Wednesday April 9, 2014
A lot of readers write to me asking whether they can realistically get a sense of the city in only 48 hours. I highly recommend staying longer, and to answer the feasibility question directly, feel that this approach will afford a rather superficial (and harried) version of Paris that certainly won't do it justice. Still, some of you won't have more time, and to address that case, I've put together a flexible program that covers a great deal of the "big stuff", as well as some important but often overlooked places and attractions.
The Paris in two days itinerary is a 48-hour whirlwind, self-guided tour of the places and attractions you should see if you want to get a first taste of the city. Day one covers the classic Paris you know from postcards and includes giants like the Louvre and the Eiffel Tower. The second day sends you to the more contemporary right bank, where artists, young stylists, and immigrant communities generate the pulse of present-day Paris. On the program: a walking tour of the historic Marais quarter and strolls through several of Paris' most dynamic--yet still oh so charming-- neighborhoods. Breakfast, lunch, and dinner suggestions are provided, too.
The best part about the itinerary? It's designed to bend to your whims and tastes, and account for things taking less or more time than you expect. You're free to see as little or as much as you like, and in some cases you're given a choice between two great attractions or restaurants-- the choosing is part of the fun.
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Image: The Hotel de Cluny in the Latin Quarter houses the National Medieval Museum. It also features a dazzling medieval-style herbal garden and the remnants of Roman thermal baths. ©2006 Courtney Traub. Licensed to About.com.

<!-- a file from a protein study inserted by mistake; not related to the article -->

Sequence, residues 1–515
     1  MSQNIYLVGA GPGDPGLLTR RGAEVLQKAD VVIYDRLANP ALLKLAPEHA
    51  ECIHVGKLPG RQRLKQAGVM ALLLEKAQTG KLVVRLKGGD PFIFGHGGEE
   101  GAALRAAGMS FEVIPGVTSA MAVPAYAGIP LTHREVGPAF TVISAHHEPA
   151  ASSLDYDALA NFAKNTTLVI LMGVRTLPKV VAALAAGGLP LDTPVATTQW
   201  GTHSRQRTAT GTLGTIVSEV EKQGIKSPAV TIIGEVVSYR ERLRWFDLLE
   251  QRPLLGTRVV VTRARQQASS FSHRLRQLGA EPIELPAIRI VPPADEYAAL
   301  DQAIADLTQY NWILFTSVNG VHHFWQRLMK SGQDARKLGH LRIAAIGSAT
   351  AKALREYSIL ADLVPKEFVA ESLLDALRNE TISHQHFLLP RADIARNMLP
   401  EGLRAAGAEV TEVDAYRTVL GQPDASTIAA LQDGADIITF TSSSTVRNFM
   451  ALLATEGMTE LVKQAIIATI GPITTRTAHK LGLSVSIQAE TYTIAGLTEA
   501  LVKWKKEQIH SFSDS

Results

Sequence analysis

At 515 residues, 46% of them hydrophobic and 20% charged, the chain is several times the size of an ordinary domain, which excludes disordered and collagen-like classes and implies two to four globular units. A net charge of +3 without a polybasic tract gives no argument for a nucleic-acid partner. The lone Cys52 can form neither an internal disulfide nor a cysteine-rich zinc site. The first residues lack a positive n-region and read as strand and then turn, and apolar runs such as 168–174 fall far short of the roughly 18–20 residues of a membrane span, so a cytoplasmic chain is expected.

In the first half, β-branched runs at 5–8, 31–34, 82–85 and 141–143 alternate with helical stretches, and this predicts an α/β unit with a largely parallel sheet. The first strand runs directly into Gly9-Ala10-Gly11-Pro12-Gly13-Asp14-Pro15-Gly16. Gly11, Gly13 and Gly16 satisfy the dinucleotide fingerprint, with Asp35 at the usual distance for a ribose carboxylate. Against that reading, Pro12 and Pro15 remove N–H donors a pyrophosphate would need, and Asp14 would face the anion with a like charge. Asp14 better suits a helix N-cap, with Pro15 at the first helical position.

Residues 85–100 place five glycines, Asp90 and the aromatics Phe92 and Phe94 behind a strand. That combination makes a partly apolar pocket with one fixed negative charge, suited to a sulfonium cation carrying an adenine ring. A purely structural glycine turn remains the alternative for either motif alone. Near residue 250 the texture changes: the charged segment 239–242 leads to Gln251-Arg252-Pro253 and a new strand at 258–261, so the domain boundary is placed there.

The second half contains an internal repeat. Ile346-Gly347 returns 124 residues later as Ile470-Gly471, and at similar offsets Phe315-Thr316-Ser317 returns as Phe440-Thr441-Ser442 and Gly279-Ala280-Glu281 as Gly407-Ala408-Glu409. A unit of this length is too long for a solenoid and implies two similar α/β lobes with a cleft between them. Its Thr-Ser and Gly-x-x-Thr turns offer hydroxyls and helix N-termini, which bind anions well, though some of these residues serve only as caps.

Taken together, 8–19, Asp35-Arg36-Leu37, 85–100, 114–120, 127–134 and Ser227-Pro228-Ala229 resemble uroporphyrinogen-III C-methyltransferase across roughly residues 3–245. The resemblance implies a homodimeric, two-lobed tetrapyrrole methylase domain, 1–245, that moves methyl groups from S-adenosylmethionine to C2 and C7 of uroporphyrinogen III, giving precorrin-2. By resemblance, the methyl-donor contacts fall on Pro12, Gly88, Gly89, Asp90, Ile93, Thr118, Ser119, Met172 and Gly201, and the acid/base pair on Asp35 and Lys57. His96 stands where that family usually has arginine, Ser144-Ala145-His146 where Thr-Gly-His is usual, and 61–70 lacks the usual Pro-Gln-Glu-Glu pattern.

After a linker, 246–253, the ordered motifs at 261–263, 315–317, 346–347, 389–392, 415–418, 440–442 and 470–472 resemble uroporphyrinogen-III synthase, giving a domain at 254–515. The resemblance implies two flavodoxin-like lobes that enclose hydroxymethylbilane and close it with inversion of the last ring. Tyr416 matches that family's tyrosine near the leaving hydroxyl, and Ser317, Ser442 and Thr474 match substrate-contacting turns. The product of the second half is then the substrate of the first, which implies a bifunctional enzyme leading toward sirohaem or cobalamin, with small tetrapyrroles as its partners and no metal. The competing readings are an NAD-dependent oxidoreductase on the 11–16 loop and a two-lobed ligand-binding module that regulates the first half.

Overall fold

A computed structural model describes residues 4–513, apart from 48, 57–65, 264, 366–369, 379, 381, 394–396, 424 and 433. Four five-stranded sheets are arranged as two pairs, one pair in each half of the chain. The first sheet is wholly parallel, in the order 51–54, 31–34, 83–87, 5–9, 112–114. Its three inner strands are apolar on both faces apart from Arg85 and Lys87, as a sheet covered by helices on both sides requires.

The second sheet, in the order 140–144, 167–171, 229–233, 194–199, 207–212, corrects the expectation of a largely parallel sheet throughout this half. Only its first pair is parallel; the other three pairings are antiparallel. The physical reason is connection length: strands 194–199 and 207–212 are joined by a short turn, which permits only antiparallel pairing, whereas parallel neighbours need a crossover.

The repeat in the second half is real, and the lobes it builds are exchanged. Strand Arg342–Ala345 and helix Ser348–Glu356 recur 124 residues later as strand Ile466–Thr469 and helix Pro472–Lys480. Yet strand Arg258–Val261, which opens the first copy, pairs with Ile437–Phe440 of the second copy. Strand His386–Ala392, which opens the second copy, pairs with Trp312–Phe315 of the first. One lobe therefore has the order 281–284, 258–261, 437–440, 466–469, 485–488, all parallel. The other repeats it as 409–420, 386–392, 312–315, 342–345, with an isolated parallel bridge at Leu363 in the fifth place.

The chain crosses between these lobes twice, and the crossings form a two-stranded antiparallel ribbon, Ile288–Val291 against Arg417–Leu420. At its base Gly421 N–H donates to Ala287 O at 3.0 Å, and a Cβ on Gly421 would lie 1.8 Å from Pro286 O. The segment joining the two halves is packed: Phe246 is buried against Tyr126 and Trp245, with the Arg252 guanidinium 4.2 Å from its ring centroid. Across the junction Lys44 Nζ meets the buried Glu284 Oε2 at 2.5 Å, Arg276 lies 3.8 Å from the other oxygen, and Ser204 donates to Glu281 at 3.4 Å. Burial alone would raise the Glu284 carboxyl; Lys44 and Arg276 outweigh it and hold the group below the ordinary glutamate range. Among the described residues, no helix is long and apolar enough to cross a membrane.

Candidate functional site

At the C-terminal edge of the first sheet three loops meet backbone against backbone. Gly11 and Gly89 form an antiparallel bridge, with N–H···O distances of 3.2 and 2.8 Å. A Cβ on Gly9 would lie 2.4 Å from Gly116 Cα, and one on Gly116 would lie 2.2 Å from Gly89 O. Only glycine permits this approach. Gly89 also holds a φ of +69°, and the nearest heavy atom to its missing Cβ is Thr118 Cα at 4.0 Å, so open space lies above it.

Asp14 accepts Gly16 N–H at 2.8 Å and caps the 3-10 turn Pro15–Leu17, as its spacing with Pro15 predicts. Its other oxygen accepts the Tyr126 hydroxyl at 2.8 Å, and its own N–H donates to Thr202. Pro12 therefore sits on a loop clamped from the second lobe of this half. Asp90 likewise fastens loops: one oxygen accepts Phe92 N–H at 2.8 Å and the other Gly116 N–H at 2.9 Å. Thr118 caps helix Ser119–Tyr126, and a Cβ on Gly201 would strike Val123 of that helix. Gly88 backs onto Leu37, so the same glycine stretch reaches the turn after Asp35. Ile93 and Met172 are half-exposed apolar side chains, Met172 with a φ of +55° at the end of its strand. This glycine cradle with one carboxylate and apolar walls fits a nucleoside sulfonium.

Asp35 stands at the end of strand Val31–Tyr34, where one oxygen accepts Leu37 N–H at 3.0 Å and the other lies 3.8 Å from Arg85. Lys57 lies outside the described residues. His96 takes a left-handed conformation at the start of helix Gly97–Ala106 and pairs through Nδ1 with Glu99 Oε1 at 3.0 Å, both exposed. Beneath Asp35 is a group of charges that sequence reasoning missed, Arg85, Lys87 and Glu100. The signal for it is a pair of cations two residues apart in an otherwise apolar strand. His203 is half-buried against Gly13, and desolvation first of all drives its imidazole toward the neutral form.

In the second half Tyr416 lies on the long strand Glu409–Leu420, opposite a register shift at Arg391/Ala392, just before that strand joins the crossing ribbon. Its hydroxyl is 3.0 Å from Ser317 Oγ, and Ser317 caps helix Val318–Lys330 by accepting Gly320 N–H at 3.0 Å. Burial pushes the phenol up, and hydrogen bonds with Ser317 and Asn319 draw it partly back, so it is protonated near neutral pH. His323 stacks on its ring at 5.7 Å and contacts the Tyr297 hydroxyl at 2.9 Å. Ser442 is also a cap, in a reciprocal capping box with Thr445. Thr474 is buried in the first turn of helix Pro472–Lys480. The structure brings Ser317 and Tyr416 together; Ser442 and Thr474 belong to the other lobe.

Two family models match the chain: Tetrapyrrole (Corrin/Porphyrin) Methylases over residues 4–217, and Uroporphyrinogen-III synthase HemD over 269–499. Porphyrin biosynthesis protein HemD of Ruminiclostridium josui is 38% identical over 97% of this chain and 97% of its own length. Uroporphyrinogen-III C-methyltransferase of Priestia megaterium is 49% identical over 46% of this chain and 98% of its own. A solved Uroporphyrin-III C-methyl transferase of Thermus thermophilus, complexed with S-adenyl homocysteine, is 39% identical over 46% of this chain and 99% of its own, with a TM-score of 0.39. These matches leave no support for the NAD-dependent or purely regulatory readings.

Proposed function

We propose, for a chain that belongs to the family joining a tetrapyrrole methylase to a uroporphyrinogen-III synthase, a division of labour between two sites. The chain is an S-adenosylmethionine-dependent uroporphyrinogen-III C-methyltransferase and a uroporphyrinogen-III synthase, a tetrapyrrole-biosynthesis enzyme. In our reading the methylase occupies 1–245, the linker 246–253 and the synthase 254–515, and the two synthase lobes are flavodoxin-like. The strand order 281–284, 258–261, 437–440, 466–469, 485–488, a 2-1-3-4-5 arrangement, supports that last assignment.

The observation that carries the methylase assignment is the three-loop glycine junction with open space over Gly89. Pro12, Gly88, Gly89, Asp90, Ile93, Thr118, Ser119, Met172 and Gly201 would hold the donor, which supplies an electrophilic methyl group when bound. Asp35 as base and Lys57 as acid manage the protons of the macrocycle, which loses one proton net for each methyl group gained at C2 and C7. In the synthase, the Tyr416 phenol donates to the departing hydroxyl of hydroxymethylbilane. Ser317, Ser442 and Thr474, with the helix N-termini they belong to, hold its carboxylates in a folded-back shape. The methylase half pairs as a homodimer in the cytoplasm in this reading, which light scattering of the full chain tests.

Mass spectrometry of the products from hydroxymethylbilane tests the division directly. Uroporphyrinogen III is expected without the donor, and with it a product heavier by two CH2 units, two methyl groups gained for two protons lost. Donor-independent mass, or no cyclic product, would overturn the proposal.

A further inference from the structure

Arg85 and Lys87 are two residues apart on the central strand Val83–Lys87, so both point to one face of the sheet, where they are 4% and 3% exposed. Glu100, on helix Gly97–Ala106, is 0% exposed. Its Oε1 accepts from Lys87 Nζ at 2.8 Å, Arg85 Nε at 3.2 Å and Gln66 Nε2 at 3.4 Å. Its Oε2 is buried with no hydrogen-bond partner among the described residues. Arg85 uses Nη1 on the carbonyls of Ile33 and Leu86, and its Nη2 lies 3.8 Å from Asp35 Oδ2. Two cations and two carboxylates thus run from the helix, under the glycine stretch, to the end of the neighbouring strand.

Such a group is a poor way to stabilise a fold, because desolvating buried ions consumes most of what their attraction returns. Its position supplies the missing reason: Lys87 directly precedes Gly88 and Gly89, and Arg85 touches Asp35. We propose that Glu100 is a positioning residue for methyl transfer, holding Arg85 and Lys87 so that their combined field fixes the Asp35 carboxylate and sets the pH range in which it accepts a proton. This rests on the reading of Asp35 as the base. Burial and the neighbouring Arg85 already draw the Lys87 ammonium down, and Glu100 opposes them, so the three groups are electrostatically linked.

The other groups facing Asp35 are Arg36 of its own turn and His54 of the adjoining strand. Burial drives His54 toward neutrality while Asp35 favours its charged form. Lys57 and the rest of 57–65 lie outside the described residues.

Tuesday April 8, 2014
If you've seen the fantastic documentary, Man on Wire, you may have developed an unlikely fascination for tightrope-walkers. Earlier this week, a famous one named Denis Josselin made headlines when he walked across a tightrope to cross the Seine River, some 82 feet above the cold currents . Sure, it's not as precipitous and frightening as crossing the World Trade Center, as his compatriot Philippe Petit did in 1974, and as documented in the aforementioned documentary. Still, it made for an entertaining (if nerve-wracking) spectacle.
According to the Associated Press, it took Josselin half an hour to cross the 492-foot rope, and under the watchful gaze of hundreds of people. "I am the last tightrope walker that got the authorisation to cross the Seine river, it was ten years ago. So, these occasions are so rare that I am enjoying them as much as possible," he was quoted as saying. You can watch the video documenting Josselin's feat here-- and please, kids, don't try this on your own visit! Take a boat tour, or have a picnic on the banks, or tour the bridges of Paris instead.
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Friday April 4, 2014
At first glance, parents may wince at the idea of bringing kids-- especially the youngest ones-- to Paris, which can seem like a giant museum suited only for culturally savvy adults. But the city can be surprisingly kid-friendly if you know where to look, and plan accordingly. From an old-style amusement park confusingly called the "Jardin d'acclimation", to the Grevin wax museum (pictured) and a day of fun just outside the city limits at Disneyland Paris, there's no shortage of places certain to keep your young travelers happy and distracted. Consult our complete guide to the top things to do with kids in Paris to find out more. We've made it more comprehensive than ever by adding more family-oriented attractions to the list, so make sure to bookmark it ahead of your next trip. Also see our guide made specially for parents with picky eaters, and providing tons of useful advice on eating out with kids in Paris.
Image credit: A wax sculpture at the Musee Grevin. 2006 Tchitcha. Some rights reserved under the Creative Commons License.
Tuesday April 1, 2014
From Breton-style savory buckwheat "galettes" to nutella-drenched sweet crepes served warm straight from triangular paper holders on the street, there's no denying the allure of the French crepe. About.com Paris Travel Contributor Colette Davidson weighs in on some of the very best spots in Paris to procure une bonne crÍpe (of either variety).
Read More: Best Crepes and Creperies in Paris
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Image credit: Bing/Creative Commons.